Gonsalves reiterates call for united Caricom position on EU new tax measures


Gonsalves reiterates call for united Caricom position on EU new tax measures

Tuesday, January 08, 2019

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KINGSTOWN, St Vincent (CMC) – Prime Minister Dr Ralph Gonsalves yesterday reiterated a call for the Caribbean Community (Caricom) to adopt a united position regarding the European Union's request that regional countries pass legislation to deal with what Europe has termed 'economic substance”.

Gonsalves told a news conference here that St Vincent and the Grenadines has no intention of “rolling over to appease Europe.

“We have looked carefully as how we have crafted these laws and we believe they will pass muster. If they don't we will see, but I assure you St Vincent and the Grenadines will not roll over and play dead. We will not surrender. As I said we will compromise, we will accommodate, but we will resist creatively those politicians in Europe who are allowing persons to do things in their name,” Gonsalves told reporters.

The Bahamas, Grenada and St Vincent and the Grenadines have already passed legislation while other Caribbean countries are contemplating doing so as Europe moves to force countries to adopt measures regarding the establishment of international businesses in the region.

Grenada's Legal Affairs Minister Kindra Maturine-Stewart said last month that in 2017 the island was among a group of 90 countries that the EU selected to be screened against tax transparency, harmful tax practices and base erosion profit shifting.

Maturine-Stewart said the new EU guidelines prohibit new measures that will provide for international companies to benefit but not domiciled in the state.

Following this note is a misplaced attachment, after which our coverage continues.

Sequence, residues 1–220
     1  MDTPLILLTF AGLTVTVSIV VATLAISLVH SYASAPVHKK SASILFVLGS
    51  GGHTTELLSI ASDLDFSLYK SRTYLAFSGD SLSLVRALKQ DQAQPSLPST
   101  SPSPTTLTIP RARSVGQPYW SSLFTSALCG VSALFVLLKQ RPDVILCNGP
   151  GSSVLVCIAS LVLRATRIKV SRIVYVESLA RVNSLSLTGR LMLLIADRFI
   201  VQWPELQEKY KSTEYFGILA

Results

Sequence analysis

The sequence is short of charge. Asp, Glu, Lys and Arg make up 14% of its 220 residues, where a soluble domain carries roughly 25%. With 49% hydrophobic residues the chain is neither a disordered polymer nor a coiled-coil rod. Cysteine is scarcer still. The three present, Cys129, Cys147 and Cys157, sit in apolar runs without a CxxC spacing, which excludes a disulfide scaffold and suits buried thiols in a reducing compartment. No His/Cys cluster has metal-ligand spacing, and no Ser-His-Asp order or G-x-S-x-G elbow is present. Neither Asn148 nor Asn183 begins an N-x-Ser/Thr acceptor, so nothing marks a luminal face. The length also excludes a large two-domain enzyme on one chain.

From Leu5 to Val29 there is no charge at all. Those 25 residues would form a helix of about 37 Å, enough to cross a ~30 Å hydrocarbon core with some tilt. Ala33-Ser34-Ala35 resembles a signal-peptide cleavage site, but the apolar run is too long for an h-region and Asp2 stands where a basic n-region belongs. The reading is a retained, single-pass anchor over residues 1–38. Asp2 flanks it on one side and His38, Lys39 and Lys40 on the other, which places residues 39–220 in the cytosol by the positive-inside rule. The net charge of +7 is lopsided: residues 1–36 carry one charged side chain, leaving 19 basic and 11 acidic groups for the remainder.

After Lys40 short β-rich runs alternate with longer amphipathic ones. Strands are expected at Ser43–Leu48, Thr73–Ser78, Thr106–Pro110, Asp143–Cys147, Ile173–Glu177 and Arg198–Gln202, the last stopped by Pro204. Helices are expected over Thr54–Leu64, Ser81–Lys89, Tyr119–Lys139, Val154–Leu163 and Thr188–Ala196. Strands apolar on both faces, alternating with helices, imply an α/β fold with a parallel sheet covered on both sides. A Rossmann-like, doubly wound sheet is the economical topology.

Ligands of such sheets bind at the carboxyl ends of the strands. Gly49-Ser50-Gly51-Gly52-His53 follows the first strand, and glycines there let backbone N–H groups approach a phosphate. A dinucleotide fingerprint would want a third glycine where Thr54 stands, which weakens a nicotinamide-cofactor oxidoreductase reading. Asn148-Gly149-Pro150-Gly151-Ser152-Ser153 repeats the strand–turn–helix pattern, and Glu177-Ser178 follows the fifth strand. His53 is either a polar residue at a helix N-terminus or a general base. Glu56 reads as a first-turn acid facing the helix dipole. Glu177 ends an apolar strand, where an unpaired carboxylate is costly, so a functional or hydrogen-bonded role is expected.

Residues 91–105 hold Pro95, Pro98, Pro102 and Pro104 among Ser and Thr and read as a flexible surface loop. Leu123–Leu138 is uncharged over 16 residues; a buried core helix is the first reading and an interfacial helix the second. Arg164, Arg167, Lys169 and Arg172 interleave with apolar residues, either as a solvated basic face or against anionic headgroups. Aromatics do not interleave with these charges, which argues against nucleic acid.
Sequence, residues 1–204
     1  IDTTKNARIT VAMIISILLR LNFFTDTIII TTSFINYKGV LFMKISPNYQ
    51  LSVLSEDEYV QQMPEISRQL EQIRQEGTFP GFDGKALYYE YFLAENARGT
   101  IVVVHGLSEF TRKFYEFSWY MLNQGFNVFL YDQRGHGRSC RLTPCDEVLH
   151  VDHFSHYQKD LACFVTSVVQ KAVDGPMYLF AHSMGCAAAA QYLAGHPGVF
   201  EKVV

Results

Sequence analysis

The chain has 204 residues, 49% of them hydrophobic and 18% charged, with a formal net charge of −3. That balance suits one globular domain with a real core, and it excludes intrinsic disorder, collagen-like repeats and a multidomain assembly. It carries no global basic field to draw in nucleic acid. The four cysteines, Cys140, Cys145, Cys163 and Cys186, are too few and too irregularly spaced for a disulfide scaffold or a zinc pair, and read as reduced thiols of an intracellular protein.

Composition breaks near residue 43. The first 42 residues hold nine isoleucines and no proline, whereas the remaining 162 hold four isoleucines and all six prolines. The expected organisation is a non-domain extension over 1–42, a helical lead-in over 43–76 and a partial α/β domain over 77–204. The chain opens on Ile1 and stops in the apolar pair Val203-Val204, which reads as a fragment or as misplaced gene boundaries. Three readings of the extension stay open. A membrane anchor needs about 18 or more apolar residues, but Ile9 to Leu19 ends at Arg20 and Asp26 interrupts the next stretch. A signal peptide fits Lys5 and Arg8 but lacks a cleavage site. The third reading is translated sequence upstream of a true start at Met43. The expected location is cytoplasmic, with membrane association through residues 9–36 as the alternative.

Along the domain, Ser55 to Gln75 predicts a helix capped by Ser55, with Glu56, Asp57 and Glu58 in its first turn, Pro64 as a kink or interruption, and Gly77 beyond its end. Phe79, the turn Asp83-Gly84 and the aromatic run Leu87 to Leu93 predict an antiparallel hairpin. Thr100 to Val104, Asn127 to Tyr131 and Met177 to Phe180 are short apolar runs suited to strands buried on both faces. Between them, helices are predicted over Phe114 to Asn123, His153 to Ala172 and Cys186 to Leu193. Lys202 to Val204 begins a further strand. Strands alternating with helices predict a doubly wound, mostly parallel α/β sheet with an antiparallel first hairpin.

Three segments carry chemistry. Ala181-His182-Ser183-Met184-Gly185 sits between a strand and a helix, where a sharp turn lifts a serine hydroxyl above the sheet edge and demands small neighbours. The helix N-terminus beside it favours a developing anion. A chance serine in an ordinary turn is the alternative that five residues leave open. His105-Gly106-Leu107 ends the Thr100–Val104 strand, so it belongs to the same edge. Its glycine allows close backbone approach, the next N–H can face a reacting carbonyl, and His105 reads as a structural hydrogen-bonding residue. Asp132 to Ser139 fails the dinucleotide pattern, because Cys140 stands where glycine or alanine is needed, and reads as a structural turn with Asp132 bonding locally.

Last week, The Bahamas said it was developing a new framework aimed at strengthening industry regulations and protecting revenues to the public treasury as it relates to enhancing the financial services sector.

Finance Minister K Peter Turnquest, said the Hubert Minnis Government is working to maintain the country as “a global leader in the financial services industry and ensure that the country's second economic pillar remains vibrant over the medium and long term”.

But he said, “We remain concerned, and have voiced these concerns in international forums, about the appearance of shifting goal posts when it comes to The Bahamas and other international finance centres.”

Gonsalves, who late last month, called for a unified Caricom position on the matter, said countries are already responding differently to the situation “depending on their own circumstances, but I believe we have done reasonable work and I wait”.

He added: “But as I wait I am not losing sleep because if I lose sleep it will dull my effectiveness in responding. So we have done what we are supposed to do and let us hear what's happening now. We are small but we are not without voice.”

Gonsalves said nearly two years ago he had written to individual Caribbean leaders as well as the Caricom Secretariat warning about the serious nature of the EU measure

“And when I wrote in 2017 giving the commitment as to what we will do. I sent it to Caricom, the letter…and to every head of government and indicated to them …the importance for us to act together.

“That did not happen. It may well be because the major countries in Caricom – Jamaica Trinidad and Tobago and Guyana – don't have this issue dealing with, nor indeed Suriname or indeed Haiti, which is 10 million of the 16 million people in Caricom.

“This is a matter which is largely a question for the OECS (Organisation of Eastern Caribbean States) and Barbados as it has panned out, as you have noticed,” Gonsalves said, telling reporters there has not been a common approach.

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